The court’s opinion first overrules prior Seventh Circuit precedent by holding that the FTAIA’s requirements relate to the merits of a plaintiff’s claim and not to the subject matter jurisdiction of the court. In other words, the FTAIA sets forth substantive legal standards about when the U.S. antitrust laws may apply to foreign conduct, not when the U.S. federal courts have the authority to hear a case about foreign conduct. As such, the FTAIA’s requirements are to be treated as elements of a Sherman Act claim. This holding is procedurally significant. If the FTAIA were jurisdictional, a defendant seeking to challenge the propriety of a lawsuit related to foreign conduct would do so under Federal Rule of Civil Procedure 12(b)(1). Subject-matter jurisdiction must be present at all times, and a court may consider its jurisdiction to hear a case at any point and regardless of whether the parties have raised the issue. In addition, parties challenging subject matter jurisdiction at the pleading stage are free to submit declarations, affidavits, and documents in support of their arguments and the trial courts must consider that material in determining jurisdiction. But because the court held that the FTAIA goes to the merits of an antitrust claim, a defendant challenging the propriety of a lawsuit related to foreign conduct at the pleading stage must do so under Rule 12(b)(6). Dismissal for failure to state a claim must be raised by the defendant, not the court, and such a motion must be brought before trial. Most importantly, the court accepts the plaintiff’s well-pleaded factual allegations as true and generally does not consider material beyond the factual assertions in the complaint, which makes dismissal at the pleading stage difficult.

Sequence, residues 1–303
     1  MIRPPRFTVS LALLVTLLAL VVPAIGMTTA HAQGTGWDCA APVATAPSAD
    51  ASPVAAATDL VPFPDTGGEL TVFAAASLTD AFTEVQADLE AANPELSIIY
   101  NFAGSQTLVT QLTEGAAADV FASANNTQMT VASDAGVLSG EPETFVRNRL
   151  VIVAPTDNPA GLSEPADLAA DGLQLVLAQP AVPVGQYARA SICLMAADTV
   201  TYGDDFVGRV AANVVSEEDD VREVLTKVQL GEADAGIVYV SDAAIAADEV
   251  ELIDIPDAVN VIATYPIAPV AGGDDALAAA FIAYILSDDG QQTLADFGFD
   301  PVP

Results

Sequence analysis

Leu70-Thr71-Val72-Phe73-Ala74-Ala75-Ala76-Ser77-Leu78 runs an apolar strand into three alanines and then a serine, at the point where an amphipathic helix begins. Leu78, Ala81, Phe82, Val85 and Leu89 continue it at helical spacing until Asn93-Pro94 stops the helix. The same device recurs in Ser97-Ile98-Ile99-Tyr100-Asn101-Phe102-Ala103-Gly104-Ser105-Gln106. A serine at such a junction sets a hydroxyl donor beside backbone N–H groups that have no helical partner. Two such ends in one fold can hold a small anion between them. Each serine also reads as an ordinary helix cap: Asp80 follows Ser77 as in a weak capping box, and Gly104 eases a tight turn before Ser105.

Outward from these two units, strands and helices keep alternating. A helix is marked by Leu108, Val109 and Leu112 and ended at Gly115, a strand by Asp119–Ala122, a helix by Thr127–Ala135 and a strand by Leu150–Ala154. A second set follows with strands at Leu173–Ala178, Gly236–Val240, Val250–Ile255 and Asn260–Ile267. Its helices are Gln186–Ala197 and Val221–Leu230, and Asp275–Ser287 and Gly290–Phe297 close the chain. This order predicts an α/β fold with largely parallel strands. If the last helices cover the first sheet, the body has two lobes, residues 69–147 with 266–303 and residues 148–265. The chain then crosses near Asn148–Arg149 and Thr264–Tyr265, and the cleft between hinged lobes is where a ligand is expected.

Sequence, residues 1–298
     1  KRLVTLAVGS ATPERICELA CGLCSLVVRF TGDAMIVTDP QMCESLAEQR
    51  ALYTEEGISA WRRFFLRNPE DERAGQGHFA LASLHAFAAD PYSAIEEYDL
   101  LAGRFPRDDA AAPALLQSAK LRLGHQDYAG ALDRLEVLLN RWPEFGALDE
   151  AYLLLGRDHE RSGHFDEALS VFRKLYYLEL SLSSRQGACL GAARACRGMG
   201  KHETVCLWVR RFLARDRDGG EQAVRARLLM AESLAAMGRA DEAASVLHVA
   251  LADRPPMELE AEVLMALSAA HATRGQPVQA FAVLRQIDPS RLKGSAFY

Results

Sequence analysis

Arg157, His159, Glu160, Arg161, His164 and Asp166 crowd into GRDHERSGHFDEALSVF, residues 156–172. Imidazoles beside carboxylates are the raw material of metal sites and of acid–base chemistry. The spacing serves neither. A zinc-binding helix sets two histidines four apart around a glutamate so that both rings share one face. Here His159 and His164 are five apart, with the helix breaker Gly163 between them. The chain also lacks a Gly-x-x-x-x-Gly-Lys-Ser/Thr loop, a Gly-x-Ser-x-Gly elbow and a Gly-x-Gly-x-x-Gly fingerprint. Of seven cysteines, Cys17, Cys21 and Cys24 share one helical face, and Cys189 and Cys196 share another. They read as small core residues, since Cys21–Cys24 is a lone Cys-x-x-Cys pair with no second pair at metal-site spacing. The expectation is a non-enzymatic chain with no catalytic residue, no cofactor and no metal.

The court then turned to the substantive provisions of the FTAIA. The FTAIA states that the U.S. antitrust laws do not apply to foreign conduct unless the conduct has a “direct, substantial, and reasonably foreseeable effect on trade or commerce which is not trade or commerce with foreign nations, or on import trade or import commerce with foreign nations.” See 15 U.S.C. § 6a. Because the court found that much of the alleged conduct was import commerce – defendants, foreign producers, sold potash directly to plaintiffs, U.S. entities – it first reiterated that import commerce, like domestic commerce, is subject to only the general requirements of the U.S. antitrust laws, and not to the special requirements of the FTAIA. The court applied the longstanding rule that, to state a claim under the Sherman Act related to import commerce, plaintiffs must allege that the allegedly anticompetitive foreign conduct produced a “substantial intended effect” in the United States. The court found that the complaint satisfied that relatively minimal threshold, noting that plaintiffs alleged that in 2008 the defendants controlled 71 percent of the world’s supply of potash and were responsible for the vast majority of the 5.3 million tons of potash imported to the United States, where the price of potash increased at least six-fold between 2003 and 2008.